Star Parker

Suppose you had a choice to invest in one of two competing business plans.

Behind one plan are billionaires Jeff Bezos and Michael Dell, who are investing their own money in it. Bezos and Dell are two of the country’s most successful entrepreneurs. Both got rich founding and building bold, innovative companies – and Dell Computer.

The second plan is supported by Senate majority leader Harry Reid and House speaker Nancy Pelosi and they are financing it with other people’s money – taxpayers’ money.

With this information alone, which plan would you most likely invest in? Is there anybody who would think more than two seconds where they would put their hard earned dollars?

This choice isn’t theory. It’s real.

Bezos and Dell are investors in a new company called Qliance Medical Management, whose plan is to deliver real market-based solutions for health care. Exactly what we need and what our new health care bill – the Reid Pelosi plan - does not do.

According to Qliance, 40 cents of every dollar spent on health care goes toward dealing with insurance companies and paying for overhead.

Their bet is that by getting rid of insurance companies and associated administrative fat, such as elaborate customer billing and reporting, they can deliver cheap, quality health care.

According to the Wall Street Journal, the Qliance customer pays a flat monthly fee of $44 to $84 dollars – depending on age - to become a member. For this they get health care in clinics that are open seven days a week, covering 90% of the problems that we see doctors for, such as “check-ups…minor fractures…as well as ongoing care for chronic illnesses…”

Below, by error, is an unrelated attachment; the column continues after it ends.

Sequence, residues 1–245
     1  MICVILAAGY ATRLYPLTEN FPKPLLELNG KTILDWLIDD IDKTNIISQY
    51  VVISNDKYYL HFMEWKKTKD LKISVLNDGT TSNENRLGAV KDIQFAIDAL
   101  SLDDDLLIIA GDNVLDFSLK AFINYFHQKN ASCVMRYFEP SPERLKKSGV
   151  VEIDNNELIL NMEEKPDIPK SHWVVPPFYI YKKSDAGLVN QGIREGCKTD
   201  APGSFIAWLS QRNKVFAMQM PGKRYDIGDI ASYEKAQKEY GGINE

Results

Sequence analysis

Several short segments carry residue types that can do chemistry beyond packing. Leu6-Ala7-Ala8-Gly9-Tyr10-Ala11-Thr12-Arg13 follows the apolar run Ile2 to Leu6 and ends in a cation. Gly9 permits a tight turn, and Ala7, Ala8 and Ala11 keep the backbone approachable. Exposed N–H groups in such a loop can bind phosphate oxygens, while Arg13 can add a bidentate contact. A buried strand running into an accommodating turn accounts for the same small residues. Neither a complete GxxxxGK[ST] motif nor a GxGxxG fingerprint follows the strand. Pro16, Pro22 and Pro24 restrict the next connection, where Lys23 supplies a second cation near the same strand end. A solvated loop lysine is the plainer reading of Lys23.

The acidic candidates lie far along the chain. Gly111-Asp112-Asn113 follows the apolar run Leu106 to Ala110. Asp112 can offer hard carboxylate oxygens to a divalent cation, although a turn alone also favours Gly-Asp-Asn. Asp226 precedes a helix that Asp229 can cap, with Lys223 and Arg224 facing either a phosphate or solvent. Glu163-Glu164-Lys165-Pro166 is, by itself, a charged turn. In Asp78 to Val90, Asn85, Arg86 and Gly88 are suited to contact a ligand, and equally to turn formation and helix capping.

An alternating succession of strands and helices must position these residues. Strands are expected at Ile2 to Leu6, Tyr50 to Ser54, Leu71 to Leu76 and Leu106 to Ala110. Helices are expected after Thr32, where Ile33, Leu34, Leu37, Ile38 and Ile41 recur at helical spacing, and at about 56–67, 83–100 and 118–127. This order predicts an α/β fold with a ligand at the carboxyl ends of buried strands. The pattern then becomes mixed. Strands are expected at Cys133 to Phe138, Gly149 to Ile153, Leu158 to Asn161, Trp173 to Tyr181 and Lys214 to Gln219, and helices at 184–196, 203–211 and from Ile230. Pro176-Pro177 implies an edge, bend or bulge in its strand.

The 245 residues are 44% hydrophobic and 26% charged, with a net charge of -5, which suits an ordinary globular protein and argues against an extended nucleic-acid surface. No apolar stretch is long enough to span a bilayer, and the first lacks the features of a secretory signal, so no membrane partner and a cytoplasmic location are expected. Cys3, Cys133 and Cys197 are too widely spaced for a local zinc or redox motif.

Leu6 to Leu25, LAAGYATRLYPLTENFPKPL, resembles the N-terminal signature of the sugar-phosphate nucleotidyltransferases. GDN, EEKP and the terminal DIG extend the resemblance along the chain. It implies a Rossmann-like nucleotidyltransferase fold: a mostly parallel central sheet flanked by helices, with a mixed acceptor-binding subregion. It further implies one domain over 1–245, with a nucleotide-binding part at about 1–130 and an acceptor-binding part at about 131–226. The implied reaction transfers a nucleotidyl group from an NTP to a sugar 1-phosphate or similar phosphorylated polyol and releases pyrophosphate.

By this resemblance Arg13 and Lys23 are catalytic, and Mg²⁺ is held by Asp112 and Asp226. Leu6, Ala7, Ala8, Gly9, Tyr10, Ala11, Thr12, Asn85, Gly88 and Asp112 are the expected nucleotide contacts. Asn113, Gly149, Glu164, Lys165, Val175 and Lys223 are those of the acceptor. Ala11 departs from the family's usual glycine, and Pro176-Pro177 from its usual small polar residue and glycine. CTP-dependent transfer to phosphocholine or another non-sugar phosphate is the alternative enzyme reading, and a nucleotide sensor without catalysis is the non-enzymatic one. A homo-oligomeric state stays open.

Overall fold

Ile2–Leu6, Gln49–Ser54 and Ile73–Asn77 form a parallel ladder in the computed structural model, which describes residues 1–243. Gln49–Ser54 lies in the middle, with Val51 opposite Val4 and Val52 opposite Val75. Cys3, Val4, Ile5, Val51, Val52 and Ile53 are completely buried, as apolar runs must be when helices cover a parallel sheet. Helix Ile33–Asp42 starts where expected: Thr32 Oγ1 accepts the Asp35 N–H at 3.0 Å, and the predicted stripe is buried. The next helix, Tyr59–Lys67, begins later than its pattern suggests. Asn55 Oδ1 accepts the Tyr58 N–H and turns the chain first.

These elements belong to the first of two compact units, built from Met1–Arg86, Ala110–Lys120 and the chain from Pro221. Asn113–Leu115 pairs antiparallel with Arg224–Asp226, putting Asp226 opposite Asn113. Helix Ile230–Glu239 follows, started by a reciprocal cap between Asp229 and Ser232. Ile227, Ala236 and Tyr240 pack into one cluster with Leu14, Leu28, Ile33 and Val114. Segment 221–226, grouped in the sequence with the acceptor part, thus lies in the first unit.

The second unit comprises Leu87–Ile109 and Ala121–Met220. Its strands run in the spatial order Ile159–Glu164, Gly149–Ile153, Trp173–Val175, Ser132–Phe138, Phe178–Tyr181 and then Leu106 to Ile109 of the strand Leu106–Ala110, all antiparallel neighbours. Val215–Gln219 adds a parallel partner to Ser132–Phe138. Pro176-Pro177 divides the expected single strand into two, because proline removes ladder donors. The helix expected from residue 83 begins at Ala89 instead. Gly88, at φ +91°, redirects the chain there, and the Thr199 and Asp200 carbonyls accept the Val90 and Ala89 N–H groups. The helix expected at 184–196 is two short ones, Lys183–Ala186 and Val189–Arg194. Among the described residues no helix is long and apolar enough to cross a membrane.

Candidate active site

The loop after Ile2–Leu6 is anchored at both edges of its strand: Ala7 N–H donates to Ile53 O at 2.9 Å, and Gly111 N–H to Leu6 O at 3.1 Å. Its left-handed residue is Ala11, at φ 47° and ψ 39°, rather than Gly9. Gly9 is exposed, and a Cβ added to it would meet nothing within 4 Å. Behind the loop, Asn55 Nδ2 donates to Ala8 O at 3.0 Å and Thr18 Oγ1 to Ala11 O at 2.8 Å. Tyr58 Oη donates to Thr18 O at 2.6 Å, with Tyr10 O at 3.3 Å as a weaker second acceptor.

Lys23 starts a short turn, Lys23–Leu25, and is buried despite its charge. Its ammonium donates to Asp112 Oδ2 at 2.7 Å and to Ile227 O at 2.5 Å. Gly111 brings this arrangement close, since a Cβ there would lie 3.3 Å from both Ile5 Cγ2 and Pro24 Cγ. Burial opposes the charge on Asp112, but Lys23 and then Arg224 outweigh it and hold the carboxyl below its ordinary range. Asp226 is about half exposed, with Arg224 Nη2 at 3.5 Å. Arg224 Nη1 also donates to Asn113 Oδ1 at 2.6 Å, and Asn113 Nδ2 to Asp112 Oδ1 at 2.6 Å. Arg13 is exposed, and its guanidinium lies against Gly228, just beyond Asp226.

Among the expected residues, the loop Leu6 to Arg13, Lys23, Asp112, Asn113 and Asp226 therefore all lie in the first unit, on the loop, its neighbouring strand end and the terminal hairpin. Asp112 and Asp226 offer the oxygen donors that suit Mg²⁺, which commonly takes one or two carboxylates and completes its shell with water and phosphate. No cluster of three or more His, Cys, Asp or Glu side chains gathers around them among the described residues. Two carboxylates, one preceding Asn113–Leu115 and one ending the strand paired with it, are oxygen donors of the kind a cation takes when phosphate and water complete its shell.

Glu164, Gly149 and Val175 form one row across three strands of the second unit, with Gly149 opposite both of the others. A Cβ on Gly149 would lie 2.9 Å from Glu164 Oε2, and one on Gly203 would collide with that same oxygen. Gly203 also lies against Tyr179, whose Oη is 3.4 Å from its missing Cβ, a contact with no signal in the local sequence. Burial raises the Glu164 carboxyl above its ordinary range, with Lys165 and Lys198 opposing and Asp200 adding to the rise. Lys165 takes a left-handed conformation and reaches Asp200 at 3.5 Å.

For the remaining 10% of catastrophic problems not covered, Qliance customers purchase separate coverage elsewhere.

In 1960, about 50% of health care expenditures Americans made came out of their own pockets. Today, it’s about 10%, with most payments going through government and insurance companies.

As government control and regulation displaced consumer power and choice, our health care costs and expenditures went through the roof.

When you buy a car, a computer, purchase a cell phone plan, you shop. Vendors compete for customers by finding innovative ways to make and distribute their products so they can deliver higher quality and lower costs than the competition.

Our highly regulated health care system has none of these characteristics.

It could have. But instead of reforming health care to allow freedom and innovation, it was done by politicians who believe more government – a lot more government- and less freedom is what we need.

Star Parker

Star Parker is founder and president of CURE, the Center for Urban Renewal and Education, a 501c3 think tank which explores and promotes market based public policy to fight poverty, as well as author of the newly revised Uncle Sam's Plantation: How Big Government Enslaves America's Poor and What We Can do About It.